How long does probate take without a Will?
22 February 2021
In England and Wales, the amount of time it takes to go through probate is the same, regardless of whether or not the deceased left a Will. On average it takes around 9-12 months to complete probate, but it can take longer for more complex estates.
Our Probate Solicitors find that it usually takes 9-12 months to complete the probate and estate administration process. There are potential delays along the way though, which can slow this process down (such as issues with selling a property, a missing beneficiary or a claim being made against the estate). For these reasons, more complex estates will usually take longer.
How long probate takes without a Will
Probate is a legal process you might need go through when someone dies. Probate gives someone legal authority to ‘administer’ the deceased person’s estate. The estate includes everything they owned when they died, such as their home, money and personal possessions.
Administrating an estate can involve a lot of work. There are lots of legal, tax and administrative jobs to carry out. Some of the key tasks include: - Getting a Grant of Probate from the Probate Registry - Calculating the value of the estate - Calculating and paying inheritance tax, income tax and capital gains tax - Selling or transferring the estate assets - Contacting the beneficiaries - Contacting creditors and settling outstanding debts on the estate - Preparing the estate accounts - Distributing the estate to the beneficiaries
The actual process of probate and estate administration is much the same, regardless of whether or not the deceased person left a Will. This means that there’s no real difference to the length of time it takes if someone dies having left a Will or dies ‘intestate’ (meaning they've died without a Will).
The only difference is that the deceased's estate will be distributed under the terms of the law if there isn't a Will, which might not align with their or their loved one's wishes.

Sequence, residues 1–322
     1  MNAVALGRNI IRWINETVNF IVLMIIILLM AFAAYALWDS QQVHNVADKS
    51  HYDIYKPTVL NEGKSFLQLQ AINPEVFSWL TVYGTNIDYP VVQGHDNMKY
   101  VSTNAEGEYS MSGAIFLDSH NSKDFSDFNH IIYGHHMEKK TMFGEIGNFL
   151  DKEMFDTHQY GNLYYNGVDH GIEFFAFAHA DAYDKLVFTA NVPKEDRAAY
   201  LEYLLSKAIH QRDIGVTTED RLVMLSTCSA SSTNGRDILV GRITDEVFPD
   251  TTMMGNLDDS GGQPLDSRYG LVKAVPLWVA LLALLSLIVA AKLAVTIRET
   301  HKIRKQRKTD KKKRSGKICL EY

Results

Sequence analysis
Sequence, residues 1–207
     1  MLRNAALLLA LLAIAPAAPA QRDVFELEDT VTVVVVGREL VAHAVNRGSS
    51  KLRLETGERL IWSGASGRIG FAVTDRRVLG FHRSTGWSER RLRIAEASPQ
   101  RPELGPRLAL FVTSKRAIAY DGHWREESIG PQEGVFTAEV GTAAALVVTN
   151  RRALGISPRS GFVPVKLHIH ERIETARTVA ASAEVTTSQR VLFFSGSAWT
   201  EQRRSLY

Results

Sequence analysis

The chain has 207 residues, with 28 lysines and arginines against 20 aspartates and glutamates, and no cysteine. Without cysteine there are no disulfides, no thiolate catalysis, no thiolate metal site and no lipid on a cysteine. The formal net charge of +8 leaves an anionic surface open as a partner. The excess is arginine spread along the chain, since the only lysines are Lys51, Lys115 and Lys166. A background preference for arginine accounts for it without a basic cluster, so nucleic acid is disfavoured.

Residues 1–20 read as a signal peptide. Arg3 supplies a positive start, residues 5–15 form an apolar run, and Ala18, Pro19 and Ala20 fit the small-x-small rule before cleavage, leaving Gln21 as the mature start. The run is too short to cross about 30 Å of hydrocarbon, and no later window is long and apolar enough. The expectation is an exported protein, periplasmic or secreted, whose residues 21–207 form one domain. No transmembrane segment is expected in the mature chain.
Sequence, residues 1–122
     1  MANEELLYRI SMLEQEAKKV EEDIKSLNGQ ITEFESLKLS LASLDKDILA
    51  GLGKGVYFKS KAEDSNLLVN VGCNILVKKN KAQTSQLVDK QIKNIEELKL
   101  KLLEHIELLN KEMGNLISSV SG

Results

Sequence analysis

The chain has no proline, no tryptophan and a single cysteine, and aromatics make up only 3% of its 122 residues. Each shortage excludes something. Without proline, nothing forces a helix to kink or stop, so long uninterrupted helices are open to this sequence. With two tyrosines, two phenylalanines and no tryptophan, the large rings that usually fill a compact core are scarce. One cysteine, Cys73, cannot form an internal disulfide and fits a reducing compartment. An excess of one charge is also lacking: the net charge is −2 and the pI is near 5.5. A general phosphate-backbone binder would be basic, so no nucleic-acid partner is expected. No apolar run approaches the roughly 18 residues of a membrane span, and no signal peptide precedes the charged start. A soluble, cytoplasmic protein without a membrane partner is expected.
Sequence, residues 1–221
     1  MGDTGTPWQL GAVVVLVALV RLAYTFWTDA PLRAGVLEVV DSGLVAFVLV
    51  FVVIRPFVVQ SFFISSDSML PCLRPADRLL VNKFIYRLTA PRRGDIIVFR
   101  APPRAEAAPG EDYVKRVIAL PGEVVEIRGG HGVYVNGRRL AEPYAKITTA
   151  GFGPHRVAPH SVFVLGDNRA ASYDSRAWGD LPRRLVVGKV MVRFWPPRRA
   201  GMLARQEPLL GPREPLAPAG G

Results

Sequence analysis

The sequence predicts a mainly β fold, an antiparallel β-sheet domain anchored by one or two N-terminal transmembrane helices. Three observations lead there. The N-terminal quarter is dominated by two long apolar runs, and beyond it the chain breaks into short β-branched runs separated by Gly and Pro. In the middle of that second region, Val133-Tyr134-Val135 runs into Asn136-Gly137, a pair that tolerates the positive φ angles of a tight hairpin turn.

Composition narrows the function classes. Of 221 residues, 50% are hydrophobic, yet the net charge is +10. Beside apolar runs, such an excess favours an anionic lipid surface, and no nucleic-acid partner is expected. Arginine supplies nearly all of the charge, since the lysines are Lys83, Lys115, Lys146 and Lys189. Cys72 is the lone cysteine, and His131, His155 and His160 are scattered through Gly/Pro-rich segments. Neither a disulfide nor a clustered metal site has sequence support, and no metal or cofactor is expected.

Dying intestate does have some bearing on who is allowed to apply for probate and administer the estate. This is because when someone writes a Will they choose ‘Executors’, and these people are responsible for completing the probate process. But if someone doesn’t leave a Will, the law also determines who has this authority.
Probate without a will - inheritance laws
When someone dies without a Will in England or Wales, inheritance laws called the rules of intestacy apply. These rules determine who should inherit the deceased person’s estate and who should administer the estate.
The rules of intestacy place the deceased’s relatives in order of priority, starting with their spouse. So if their husband, wife or civil partner is still alive, they will be the main beneficiary.
After a spouse or civil partner, the order of priority is:
- Great grandchildren
- Nieces and nephews
- Other close relatives
When someone dies intestate, only a beneficiary of the estate is allowed to apply for the authority to administer the estate. This person will be known as the administrator of the estate (as opposed to an executor when there is a Will). The role of the administrator is very similar to the role of the executor.
The administrator must apply to the Probate Registry for a legal document called a grant of letters of administration. This document grants them legal authority to deal with the deceased person's assets and administer their estate. Without this document, the administrator will not be able to sell their property and they may not even be able to close their bank accounts.
Again this document is slightly different if there is a Will, as the executor must apply for a document called a grant of probate instead. Both documents work in a very similar way and the adminsitration process is largely the same.
Because there's so much involved in the administration of an estate, it’s difficult to say precisely how long probate will take with or without a will. Every estate is different and there are lots of complications that can cause delays.
Our Probate Solicitors estimate that an average estate that includes a property will take between 9-12 months to finalise. However this can be longer if the estate is complex or if issues occur along the way.